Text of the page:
In an internal discussion the other day, by e-mail of course (!), I reflected on some of the changes I have seen in the rare coin hobby since I first began filling a Whitman folder for Lincoln "pennies" in 1952. I was sure I would find a 1909-S V.D.B., then worth an amazing ten dollars, right away. I never did find one, but I went on to explore other series, do a lot of reading, build a library, and in 1953 to become a coin dealer part-time. I was a student at Forty Fort High School in Northeastern Pennsylvania.
Fast forward to now: A good friend of mine bought a Civil War token the other day from a company based in Detroit that I never heard of, and I don’t remember the name. However, it has a STAFF that does nothing except post things on eBay, and apparently they have a dynamic business!
In 1952 no one dreamed of eBay. No one had a personal computer. There were three main TV stations—ABC, NBC, and CBS—to be viewed on black-and-white screens. Radio was the place to be—with Jack Benny, the Hit Parade, Fred Allen, and more, not to overlook the 15-minute serials in the late afternoon—Captain Midnight, the Shadow, and more. There was no automatic phone dialing long distance, no areas codes, and at the post office, no zip codes. Mail was delivered by carrier twice a day.
The first modern boom in the coin market started with the launch of Coin World in 1960 and the nationwide excitement caused by the 1960 Small Date cent. A $50 face value bag of these coins, just issued, was worth $12,000! In 1960 that would have bought two Cadillacs. Which reminds me that Cadillac was the be-all and end-all in luxury cars then. Today, they are still sold, but Lexus, BMW, Mercedes-Benz, and other brands attract more buyers. Who could have guessed?
In 1964 Chet Krause, publisher of Numismatic News, estimated that there were 6,000 coin shops in America. Today there probably noteven 600. You may remember in the 1990s when there were sports cards shops everywhere. Today, hardly any remain.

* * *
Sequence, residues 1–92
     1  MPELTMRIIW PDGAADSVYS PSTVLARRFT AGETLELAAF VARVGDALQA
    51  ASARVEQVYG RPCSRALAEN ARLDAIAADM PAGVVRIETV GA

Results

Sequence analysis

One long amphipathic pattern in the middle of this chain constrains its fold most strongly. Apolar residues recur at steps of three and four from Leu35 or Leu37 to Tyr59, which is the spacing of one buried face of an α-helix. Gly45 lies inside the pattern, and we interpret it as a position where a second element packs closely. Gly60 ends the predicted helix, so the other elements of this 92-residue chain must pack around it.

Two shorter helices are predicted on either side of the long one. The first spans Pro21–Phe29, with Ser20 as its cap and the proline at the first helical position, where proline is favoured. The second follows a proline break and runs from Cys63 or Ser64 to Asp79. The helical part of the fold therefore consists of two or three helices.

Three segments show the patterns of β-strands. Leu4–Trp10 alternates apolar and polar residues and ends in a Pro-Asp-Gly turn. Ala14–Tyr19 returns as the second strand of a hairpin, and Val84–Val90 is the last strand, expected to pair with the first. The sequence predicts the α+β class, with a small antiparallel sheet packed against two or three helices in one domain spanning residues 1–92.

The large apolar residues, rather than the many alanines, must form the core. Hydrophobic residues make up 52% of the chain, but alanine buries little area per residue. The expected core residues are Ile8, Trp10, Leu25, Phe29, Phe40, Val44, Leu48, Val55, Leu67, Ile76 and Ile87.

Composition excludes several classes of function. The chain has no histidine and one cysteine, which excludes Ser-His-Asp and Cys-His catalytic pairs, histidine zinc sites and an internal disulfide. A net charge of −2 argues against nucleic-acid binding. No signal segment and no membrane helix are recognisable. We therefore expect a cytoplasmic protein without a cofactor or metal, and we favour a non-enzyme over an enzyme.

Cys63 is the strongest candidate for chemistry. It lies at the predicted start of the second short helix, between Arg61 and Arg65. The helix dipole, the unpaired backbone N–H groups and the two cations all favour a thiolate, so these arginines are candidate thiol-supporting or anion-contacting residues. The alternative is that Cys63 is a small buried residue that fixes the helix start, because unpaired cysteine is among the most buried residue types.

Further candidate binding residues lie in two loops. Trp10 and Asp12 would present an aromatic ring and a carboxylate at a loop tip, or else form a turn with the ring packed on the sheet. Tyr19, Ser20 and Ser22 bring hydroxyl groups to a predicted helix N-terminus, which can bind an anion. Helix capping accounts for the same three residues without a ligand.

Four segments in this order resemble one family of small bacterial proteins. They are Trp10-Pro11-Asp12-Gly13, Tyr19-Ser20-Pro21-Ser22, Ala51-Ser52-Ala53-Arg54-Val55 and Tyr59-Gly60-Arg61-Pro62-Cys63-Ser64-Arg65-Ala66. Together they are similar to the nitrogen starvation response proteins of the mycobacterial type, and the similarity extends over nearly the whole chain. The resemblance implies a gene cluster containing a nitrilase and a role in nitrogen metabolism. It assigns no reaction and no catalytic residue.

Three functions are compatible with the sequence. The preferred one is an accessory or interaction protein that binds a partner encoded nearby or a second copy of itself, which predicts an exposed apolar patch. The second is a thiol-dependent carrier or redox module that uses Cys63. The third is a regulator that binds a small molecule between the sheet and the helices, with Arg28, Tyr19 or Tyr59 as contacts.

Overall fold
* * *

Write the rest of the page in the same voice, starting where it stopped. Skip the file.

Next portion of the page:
When I was a kid in the 1950s it took two days to "do" New York City coin dealers, starting with Stack’s and New Netherlands at the top of the list (was good friends with the management of each), then Herb Tobias, Max Kaplan, Hans Shulman, and others (Lester Merkin was still a clarinetist in the private sector; later he became a prominent dealer). "Doing" Boston and the area took a day—several dealers were on Bromfield Street with Mayflower being the most prominent. Court Coin Co. (Harold Whiteneck, who told me about his private plane) and Sam Stone elsewhere, Copley Coin upstairs on Boylston Street, Arthur Conn in the suburb of Melrose, and some others.
Today in 2018 it is a different world. "Blog," as here is a new word. This is fine, indeed great. I enjoy coins today as much as ever, perhaps even more as I am niched doing writing and research and don’t have to be part of managing a company, as I was for years. As I write these words I have just finished cataloging Part I of the Joel R. Anderson Collection of United States Paper Money (incredible—watch for it!). Now I turn to helping ping to put the finishing touches on Mega Red 4, the Deluxe Edition of the Guide Book of United States Coins. With over 1,500 pages (!) it has been a best seller. Nothing helps to spur and to maintain interest in numismatics than reading interesting, informative books. The more you add to your working library the better.